Proposition 24 expands consumers’ privacy

By Daniel Hernandez, Social Media Editor

Proposition 24, known as the California Privacy Rights and Enforcement Act of 2020, will create the California Privacy Protection Agency to implement and enforce additional privacy laws on businesses and impose fines.

The ballot measure would expand the provisions of the California Consumer Privacy Act of 2018 (CCPA).

The new privacy act will give consumers the power to correct inaccurate personal information, prevent businesses from sharing personal information, and limit businesses’ use of sensitive personal information.

That includes precise geolocation, race, ethnicity, religion, genetic data, private communications, sexual orientation, and specified health information.

Proposition 24 will also prohibit businesses’ retention of personal information for longer than reasonably necessary, and triples maximum penalties for violations concerning consumers under age 16.

Under the ballot initiative, businesses will be prohibited from sharing a consumer’s personal information upon the consumer’s request, must provide consumers with an opt-out option for having their sensitive personal information, and required to request permission first before collecting data of consumers younger than 16.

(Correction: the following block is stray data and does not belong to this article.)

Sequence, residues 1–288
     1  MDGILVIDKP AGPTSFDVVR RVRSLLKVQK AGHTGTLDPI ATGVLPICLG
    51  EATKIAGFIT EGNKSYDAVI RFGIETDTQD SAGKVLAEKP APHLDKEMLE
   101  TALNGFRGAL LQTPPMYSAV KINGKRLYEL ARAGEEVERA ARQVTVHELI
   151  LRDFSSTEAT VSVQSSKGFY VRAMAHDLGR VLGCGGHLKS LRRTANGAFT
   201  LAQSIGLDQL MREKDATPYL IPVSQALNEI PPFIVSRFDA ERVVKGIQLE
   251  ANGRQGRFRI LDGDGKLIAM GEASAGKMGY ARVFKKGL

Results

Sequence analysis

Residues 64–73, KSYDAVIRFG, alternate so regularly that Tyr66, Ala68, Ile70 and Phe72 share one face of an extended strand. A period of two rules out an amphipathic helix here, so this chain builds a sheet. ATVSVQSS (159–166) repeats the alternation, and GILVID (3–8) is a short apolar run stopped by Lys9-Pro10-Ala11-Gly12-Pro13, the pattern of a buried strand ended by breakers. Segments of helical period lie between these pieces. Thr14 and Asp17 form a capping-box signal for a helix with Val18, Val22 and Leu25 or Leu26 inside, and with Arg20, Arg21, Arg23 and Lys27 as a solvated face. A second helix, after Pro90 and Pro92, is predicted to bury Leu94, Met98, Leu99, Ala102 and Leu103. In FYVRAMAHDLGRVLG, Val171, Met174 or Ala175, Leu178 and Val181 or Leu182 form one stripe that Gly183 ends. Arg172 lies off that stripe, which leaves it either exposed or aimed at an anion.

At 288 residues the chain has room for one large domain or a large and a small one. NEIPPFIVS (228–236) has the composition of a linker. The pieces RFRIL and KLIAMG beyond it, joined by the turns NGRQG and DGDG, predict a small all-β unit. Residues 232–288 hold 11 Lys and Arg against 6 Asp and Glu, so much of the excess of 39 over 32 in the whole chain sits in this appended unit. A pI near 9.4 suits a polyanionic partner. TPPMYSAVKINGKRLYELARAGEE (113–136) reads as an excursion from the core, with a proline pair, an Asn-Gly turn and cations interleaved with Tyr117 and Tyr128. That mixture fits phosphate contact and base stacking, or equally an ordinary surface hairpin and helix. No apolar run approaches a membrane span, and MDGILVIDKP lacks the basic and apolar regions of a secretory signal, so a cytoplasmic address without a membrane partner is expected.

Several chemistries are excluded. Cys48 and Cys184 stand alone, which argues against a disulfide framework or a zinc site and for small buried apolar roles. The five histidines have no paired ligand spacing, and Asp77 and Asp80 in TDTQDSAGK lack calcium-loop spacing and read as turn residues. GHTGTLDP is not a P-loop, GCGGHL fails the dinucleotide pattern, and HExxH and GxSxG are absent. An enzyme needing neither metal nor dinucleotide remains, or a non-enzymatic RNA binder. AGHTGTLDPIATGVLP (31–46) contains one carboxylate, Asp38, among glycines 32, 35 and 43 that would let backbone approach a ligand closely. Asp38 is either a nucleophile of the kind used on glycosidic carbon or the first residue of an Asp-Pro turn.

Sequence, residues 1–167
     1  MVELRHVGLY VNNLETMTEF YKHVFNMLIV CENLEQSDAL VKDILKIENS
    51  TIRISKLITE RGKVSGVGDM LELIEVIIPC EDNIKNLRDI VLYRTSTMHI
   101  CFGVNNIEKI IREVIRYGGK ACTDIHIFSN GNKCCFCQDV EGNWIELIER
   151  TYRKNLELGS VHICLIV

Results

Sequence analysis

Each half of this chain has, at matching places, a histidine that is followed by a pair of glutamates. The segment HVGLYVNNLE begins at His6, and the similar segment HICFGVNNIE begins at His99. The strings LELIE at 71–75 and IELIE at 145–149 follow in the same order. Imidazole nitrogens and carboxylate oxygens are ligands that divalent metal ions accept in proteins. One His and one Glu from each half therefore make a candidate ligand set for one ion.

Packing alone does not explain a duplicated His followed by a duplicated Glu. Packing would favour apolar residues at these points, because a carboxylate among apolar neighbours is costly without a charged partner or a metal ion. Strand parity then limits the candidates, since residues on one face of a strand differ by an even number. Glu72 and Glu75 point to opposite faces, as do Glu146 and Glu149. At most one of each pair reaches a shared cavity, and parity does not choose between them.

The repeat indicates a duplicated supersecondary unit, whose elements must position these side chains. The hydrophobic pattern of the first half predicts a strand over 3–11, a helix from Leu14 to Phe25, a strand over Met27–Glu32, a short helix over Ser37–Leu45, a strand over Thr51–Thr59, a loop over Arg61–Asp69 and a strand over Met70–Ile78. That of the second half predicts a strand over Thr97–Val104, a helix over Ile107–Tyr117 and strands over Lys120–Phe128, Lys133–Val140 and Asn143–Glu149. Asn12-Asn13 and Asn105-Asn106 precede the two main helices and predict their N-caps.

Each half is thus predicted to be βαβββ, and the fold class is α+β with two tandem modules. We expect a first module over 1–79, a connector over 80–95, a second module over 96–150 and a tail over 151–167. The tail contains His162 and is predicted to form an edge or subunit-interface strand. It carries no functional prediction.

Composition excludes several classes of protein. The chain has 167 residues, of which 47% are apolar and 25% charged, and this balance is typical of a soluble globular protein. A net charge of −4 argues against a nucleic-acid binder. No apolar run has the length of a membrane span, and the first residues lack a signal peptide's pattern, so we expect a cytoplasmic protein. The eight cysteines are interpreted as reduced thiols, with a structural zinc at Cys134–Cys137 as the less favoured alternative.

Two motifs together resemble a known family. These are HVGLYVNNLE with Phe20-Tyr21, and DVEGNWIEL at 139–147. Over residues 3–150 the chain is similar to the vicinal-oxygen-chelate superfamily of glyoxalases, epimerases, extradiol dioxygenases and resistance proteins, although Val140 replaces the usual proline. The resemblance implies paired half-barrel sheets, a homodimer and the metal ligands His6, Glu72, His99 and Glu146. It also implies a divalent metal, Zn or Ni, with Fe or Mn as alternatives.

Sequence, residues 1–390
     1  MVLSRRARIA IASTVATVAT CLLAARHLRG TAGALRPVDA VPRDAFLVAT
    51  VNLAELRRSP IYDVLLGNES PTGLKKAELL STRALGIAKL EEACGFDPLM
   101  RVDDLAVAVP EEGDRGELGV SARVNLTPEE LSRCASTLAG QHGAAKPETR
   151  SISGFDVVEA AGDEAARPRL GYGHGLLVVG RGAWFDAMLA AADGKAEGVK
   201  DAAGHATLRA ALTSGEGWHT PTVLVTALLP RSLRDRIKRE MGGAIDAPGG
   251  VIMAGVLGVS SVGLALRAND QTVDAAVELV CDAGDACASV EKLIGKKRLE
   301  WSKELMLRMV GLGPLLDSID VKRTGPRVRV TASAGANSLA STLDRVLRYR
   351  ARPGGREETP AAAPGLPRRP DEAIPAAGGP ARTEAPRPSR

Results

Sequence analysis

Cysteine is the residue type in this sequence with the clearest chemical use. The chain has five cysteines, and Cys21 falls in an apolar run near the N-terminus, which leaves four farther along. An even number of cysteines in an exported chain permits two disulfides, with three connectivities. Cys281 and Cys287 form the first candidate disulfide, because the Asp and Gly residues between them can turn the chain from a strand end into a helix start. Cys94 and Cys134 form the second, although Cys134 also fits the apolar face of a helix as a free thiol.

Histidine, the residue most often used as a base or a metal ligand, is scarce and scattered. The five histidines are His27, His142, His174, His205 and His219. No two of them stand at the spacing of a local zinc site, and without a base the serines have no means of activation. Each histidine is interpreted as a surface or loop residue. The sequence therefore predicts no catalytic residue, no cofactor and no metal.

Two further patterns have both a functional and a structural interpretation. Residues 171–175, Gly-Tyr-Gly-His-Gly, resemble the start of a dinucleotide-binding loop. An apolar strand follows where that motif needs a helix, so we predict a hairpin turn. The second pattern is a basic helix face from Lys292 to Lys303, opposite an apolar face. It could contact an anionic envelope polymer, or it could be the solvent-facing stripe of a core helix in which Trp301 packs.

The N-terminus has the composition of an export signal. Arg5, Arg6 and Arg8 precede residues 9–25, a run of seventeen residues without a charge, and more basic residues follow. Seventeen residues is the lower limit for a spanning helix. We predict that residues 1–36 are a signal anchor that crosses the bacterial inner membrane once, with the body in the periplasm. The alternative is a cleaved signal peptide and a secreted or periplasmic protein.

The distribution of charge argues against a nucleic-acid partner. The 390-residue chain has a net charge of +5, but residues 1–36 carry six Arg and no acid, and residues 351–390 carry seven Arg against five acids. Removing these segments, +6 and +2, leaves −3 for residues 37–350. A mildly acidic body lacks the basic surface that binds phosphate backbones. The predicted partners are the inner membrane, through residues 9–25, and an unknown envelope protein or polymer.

The creation of the new agency will cost the state $10 million annually. But the state is only expected to pay $2 million for increased court and Department of Justice enforcement workload.

These costs could be paid from the penalties of violations of the new consumer privacy laws.

Exclusions from the reaches of Proposition 24 are businesses holding consumer credit score information, emergency contact information, job application information, vehicle ownership between consumers and manufacturers, and student academic scores with educational agencies.

A handful of major organizations are neutral on the proposition, such as the Democratic Party of California.

Californians for Consumer Privacy are running the “Yes on 24” campaign. Other supporters in favor of the ballot initiative include former Democratic presidential candidate Andrew Yang and representative Ro Khanna, D-Fremont.

Pulitzer prize-winning Los Angeles Times columnist Michael Hiltzik writes about his support, “Make no mistake: If Proposition 24 is defeated, the beneficiaries would be businesses that want to exploit your privacy without your consent.”

The California Consumer and Privacy Advocates Against Prop 24 are running the opposition campaign along with the Republican and Libertarian parties of California and the ACLU of California.

President of the Consumer Federation of California Richard Holober said of his opposition: “No one reads the thousands of words of legal fine print that you have to “Accept” before you can use an app or visit a website. The fine print is where you sacrifice your privacy. The same is true of Proposition 24.”